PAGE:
John Fielder: Capturing the Minds of the Future


Noah Wehr, Editor in Chief



On Tuesday, November 15, John Fielder, Colorado photographer and author of 39 books, visited Arvada West High School to talk to the student body about the importance of environmental conservation.

“These days, you can’t not experience beautiful moments in time and beautiful places without being inspired to want to protect if forever for future generations,” Fielder says. “I d
do lots of public speaking… pressing on need for them to be active and to be political and vote for the right people and vote for the right issues to protect the miracle of 4 billion years of the evolution of life on earth.

Fielder decided to quit his high paying job in the department store business 40 years ago, when he turned his lifelong hobby of photography into a full time career.  

“I had these three perfect skills: selling, art, good skills in how to survive being outdoors combined all together to make a career about making nature photographs and putting them in books and calendars. So I quit my high paying job cold turkey to do what my passion said I should do for the re

Downtown denver 'C' 1870-2000
Downtown Denver ‘C’                      1870                                                                 2000

st of my life.”

His best known work is the Colorado 1870-2000 series, where Fielder takes takes the exact same pictures as William Henry Jackson did, a 19th century photographer. Fielder’s comparison shots shows the contrast between the locations 130 years later, showing how the environment has changed.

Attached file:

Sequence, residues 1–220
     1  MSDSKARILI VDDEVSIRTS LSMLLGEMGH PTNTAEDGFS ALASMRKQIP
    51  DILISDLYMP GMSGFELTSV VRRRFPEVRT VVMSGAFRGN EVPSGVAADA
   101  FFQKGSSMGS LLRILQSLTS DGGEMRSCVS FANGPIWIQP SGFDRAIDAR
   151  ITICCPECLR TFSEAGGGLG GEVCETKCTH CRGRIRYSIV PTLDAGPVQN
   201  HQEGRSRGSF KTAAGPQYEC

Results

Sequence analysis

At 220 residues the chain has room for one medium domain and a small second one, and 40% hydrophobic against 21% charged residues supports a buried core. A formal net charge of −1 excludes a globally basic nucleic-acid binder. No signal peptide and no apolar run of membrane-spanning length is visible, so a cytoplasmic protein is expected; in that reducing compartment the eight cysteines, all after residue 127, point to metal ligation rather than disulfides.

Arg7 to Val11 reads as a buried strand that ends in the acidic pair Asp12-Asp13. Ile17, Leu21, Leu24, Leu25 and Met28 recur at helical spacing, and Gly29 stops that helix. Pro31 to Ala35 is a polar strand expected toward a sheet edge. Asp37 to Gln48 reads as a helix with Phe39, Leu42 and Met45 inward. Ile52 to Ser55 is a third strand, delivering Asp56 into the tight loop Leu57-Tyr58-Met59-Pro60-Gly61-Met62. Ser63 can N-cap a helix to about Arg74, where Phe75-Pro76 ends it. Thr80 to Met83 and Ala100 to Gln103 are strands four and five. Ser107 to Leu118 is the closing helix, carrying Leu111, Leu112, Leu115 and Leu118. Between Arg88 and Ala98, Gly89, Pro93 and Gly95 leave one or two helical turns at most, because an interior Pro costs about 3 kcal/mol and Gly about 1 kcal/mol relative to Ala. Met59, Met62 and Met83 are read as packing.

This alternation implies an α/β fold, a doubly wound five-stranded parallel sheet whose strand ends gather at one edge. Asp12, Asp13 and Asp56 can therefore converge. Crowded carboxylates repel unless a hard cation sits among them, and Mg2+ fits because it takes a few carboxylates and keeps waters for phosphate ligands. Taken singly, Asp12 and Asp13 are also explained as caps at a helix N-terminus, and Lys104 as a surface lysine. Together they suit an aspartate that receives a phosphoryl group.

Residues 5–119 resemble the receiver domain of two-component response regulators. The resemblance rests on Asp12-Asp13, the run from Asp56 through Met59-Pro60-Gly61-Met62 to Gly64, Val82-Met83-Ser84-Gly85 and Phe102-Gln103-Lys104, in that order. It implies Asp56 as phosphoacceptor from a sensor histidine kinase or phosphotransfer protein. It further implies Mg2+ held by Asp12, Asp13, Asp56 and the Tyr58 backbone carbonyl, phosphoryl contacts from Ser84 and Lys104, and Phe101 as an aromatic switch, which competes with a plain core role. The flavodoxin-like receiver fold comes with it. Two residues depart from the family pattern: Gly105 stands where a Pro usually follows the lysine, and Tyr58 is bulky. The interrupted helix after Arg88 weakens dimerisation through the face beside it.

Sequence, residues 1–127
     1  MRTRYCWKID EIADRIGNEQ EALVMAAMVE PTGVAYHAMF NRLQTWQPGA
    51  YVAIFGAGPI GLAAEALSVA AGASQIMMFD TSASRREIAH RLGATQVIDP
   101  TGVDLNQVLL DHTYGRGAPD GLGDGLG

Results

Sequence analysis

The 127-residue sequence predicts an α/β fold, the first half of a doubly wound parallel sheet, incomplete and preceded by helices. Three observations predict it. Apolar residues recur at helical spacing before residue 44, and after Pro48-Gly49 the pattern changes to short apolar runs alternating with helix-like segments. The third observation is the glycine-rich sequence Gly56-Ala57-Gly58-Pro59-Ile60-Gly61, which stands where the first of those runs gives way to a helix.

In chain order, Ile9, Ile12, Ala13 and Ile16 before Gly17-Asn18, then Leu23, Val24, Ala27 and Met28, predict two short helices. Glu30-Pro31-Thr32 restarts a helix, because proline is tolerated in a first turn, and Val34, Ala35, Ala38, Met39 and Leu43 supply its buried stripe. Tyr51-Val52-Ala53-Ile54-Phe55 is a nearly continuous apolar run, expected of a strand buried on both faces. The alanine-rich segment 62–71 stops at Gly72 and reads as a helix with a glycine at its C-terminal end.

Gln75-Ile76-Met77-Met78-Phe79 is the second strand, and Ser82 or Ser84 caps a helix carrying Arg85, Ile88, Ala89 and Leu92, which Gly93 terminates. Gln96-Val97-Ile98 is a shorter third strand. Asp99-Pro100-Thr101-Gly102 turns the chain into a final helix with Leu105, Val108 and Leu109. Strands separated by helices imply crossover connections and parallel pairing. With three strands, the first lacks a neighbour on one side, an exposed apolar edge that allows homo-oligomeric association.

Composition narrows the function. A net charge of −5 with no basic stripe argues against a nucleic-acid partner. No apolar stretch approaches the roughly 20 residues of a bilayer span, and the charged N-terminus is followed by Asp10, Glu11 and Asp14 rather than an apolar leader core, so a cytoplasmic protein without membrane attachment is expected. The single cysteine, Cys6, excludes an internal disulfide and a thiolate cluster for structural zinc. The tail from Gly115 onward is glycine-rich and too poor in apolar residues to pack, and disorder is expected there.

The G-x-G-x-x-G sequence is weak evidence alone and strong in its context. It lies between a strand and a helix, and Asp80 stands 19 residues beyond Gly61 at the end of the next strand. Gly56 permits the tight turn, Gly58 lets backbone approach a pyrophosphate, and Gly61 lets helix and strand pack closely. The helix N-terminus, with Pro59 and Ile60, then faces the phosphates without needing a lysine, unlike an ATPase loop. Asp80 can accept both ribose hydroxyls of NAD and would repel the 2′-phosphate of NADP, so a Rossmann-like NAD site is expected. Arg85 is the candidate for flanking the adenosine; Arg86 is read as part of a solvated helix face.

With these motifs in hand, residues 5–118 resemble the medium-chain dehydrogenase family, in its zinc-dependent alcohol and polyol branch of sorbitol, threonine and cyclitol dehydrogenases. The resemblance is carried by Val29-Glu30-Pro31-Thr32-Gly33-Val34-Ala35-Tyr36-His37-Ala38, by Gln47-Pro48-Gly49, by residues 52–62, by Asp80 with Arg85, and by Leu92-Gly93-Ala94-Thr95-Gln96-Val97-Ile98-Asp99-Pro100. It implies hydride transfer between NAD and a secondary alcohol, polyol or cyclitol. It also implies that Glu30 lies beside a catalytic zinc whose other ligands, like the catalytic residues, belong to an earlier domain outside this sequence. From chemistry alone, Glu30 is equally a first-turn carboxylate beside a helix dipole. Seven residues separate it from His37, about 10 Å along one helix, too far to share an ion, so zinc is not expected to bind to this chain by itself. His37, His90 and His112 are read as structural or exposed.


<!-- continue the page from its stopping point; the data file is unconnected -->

Fielder got his start through summer camps in the Appalachian mountains where he learned to appreciate the environment  

“The smells, the tastes, the sounds, the touch; not just the views of being outdoors. The serenity and the physicality of learning how to backpack and do hard things and the satisfaction you get from that, mentally made me like to be outdoors.

Fielder first visited Colorado on a school field trip in his early teens, where he instantly feel in love with the Centennial state.


“I was simply smitten by this wall of snow-capped peaks above a treeless plain. And the word C-O-L-O-R-A-D-O, it was the most poetic name for a place I had ever heard,” Fielder says “I realized at that moment that someone or something had guided me to this place, and that I belonged here for the rest of my life.”

Fielder is a founding member of the governor appointed Board of Great Outdoors Colorado and has used his photography to help protect Colorado’s natural beauty and wildlife. He is the recipient of both the Sierra Club‘s Ansel Adams Award (1993) and the Aldo Leopold Foundation’s Achievement Award (2011), being its first recipient.

Filder also stressed the importance of having a good art teacher, someone who encouraged his work no matter if it was any good or not.  

“I had this passion for being outdoors but I also had an influential art teacher in high school who taught me how to [fine art paint] but I wasn’t a great fine art painter.” Fielder says. “And one day I rented a camera, took that into the wilderness, and I fell in love with that as an artform”

Fielder currently owns an art gallery at 833 Santa Fe Drive in Denver, Colorado, where you can view and purchase his works. He is currently travelling across Colorado, speaking to thousands of people each year to teach them about the environmental issues of Colorado.  

   Photos courtesy of  of